From the core group, we spread that circle further and further and brought more people into the fold, until it just started building on itself. So now we’ve got every elected official in Seattle supporting I-502. We’ve got former federal prosecutors and FBI agents on board. The Seattle Times published a full-page editorial endorsing I-502, later joined by the Spokane Spokesman-Review in eastern Washington—which means both of the state’s major newspapers are on board. That’s a sea change. That’s a huge shift in public opinion.
In fact, at their recent debate, both candidates for King County sheriff not only said they support the initiative; each one tried to show that they’re more in favor than their opponent. All of which is the result of just steady hard work, dialogue, and putting out a very thoughtful proposition based on a very deliberate process.
This is a democracy, which means even a great idea needs to get 50 percent of the vote plus one. So we asked ourselves: What are the voters concerned about? How do we address federal/state issues? How do we address taxation? At what age should people be allowed to buy it? What about driving while stoned? And I just can’t emphasize enough how a thoughtful, collaborative effort over time is the way to go.
Bienenstock: Do other politicians and elected officials often come up to you in private and say, “Oh, I agree with you 100 percent, but I can’t state that publicly”? And if so, do you see that changing as well?
Holmes: That is absolutely changing. At the start of my term, a number of them said, “Yes, this should be legalized,” but then either said, “We have higher priorities to address” or “It’s just not quite ready.” But that has remarkably shifted, and I’m seeing more and more leaders saying, “Yes, it’s time to do something different.”
Bienenstock: When we look at marijuana, whether medical or recreational, there are a lot of different arguments to be made for this kind of policy change. Which do you find most effective?
Holmes: In a time where we have budget cuts and a deep recession, people are acutely aware that we can’t waste public resources. Ask people if the government should spend money telling adults what to do in their private lives, and most will say no. On the other hand, those same people will agree that government must be concerned first and foremost with public safety. So you have to reorient the debate and say that prohibition has already failed to meet that goal, and we need to find an answer. When you have the facts all laid out, it’s really hard to dispute that we need a new approach.
Bienenstock: It’s no secret that I-502 has engendered some opposition from within the existing marijuana-law reform community in Washington State. How do you explain that? How do you address a constituency that is obviously in favor of legalization but expresses specific concerns about I-502? And what can reformers in other states looking to make this kind of change do when faced with this same dynamic?
Holmes: Well, I think the first important reminder is to be respectful and always acknowledge that I-502 is built upon lessons learned by the reform movement. You know, you ask 10 reformers why they don’t like 502 and they’ll give you 10 different reasons. There’s nothing you can do in any initiative—including ours—that’s going to anticipate all of those arguments and make everyone happy. Maybe that’s because they’re so used to fighting a bad government policy that they’re automatically skeptical of anything that looks like a government solution. I don’t know what else to say other than it’s a phenomenon that has always left me scratching my head.
I’ve never opposed any other marijuana-law reform initiative in this state—and if they had gotten something on the ballot, I would’ve been in there supporting it. So the fact that they don’t have an alternative on the ballot and are still opposing I-502—to me, that’s indefensible. I hear all of their arguments, and they’re all based on speculation, or on the “perfect being the enemy of the good.” And at some point, they have to recognize that they were part of this effort and not oppose it. Because I would love to have them at the table to help us work on implementation. Instead, they are basically checking out—and it’s unfortunate, because they’ll have let the movement move on past them while they were stuck in time.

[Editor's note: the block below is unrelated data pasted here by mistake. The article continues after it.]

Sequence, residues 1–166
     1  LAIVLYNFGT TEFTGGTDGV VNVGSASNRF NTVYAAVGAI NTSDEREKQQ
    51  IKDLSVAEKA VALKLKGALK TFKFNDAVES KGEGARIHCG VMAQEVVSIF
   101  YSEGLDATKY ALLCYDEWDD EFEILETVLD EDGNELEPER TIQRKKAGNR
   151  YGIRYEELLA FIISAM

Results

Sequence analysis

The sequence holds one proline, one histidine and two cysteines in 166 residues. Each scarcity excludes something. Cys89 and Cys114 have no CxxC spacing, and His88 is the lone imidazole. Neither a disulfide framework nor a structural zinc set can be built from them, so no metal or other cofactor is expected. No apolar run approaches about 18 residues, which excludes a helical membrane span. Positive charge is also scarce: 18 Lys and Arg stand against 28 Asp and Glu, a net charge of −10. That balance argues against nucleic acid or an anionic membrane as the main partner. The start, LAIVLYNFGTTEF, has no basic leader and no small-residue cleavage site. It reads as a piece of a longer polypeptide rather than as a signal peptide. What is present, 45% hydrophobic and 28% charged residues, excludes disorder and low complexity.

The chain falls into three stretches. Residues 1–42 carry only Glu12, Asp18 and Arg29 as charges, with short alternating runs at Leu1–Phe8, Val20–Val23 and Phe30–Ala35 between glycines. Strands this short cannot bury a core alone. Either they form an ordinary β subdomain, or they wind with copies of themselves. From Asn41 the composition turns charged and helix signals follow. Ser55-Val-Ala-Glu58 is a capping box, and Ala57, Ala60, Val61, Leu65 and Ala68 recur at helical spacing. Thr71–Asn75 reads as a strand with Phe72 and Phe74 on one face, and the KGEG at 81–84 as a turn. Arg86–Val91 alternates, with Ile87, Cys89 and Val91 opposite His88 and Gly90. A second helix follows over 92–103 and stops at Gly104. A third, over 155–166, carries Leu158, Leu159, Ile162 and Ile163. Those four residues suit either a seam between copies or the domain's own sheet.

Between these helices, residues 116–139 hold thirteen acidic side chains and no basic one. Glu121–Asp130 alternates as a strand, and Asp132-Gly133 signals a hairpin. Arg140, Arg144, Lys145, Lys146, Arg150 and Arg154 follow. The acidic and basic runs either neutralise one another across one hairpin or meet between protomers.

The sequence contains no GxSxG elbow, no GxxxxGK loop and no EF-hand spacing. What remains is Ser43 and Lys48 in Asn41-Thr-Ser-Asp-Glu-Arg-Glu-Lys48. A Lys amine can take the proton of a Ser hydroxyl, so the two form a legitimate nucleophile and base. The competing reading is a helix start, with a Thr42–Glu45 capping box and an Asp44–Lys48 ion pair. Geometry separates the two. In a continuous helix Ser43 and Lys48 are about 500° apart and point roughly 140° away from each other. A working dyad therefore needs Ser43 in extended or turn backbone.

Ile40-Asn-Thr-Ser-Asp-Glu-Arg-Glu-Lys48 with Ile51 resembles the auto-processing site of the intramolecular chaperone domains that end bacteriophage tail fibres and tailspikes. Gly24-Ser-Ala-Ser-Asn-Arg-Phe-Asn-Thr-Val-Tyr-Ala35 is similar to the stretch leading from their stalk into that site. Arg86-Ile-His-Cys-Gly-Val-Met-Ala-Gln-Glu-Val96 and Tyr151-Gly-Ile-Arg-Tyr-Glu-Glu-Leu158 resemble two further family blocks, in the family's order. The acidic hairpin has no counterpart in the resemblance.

Bienenstock: Do you think there’s a possibility those rifts can heal?
Holmes: I think that when they see the genuine good that will come as a result of I-502’s passage, it will just be undeniable. Also, this type of opposition is far from uniform. There are a lot of medical marijuana supporters who have been big supporters of mine and want to see I-502 pass. Some of the best dispensaries will be positioned to be among the first licensed retailers, and some very progressive-minded folks in that industry are not part of that loud—and it’s usually loud—opposition. So let’s make sure we don’t paint them all with one broad stroke.
The people that bother me the most, really, are not the reformers opposed to I-502, and not even the traditional opposition among law-enforcement types, but rather the people I know who are interested in progressive government, that care about these issues—but that dismiss marijuana policy with kind of a little giggle and ask me why I would waste my time and political capital on it. The people who still think that it’s not a serious issue.
That’s where I’ve had to educate some people I thought knew better about the real impact of these laws. That it’s not just an irritation for some people; this is actually doing harm to our country. The War on Drugs has made us the number-one jailer nation on the planet—and all educated and concerned citizens should know that and want to do something about it. And so that they would smirk and say, you know, “Gosh, you just wanna help people get high”—it’s disappointing, because it’s really such high-minded policy that underlies all of this.
Fortunately, even those types are starting to see that this is a very serious effort, with serious public support.
Trans High Corp/ High Times, 2012 -- All rights reserved. This excerpt has been published with permission from the author.
David Bienenstock is a writer, editor and digital film director currently employed as the West Coast Editor of High Times magazine. The author of The Official High Times Pot Smoker's Handbook (Chronicle Books, 2008) has traveled around the world to write about cannabis sativa, interviewing rock stars, scientists, growers, dealers, prisoners, politicians and philosophers, while covering everything from the Cannabis Cup in Amsterdam to the biggest pot fields in Vancouver, Canada. He also directed the best selling marijuana cultivation DVD of all time (Jorge Cervantes' Ultimate Grow), and its sequel, shot on location in Spain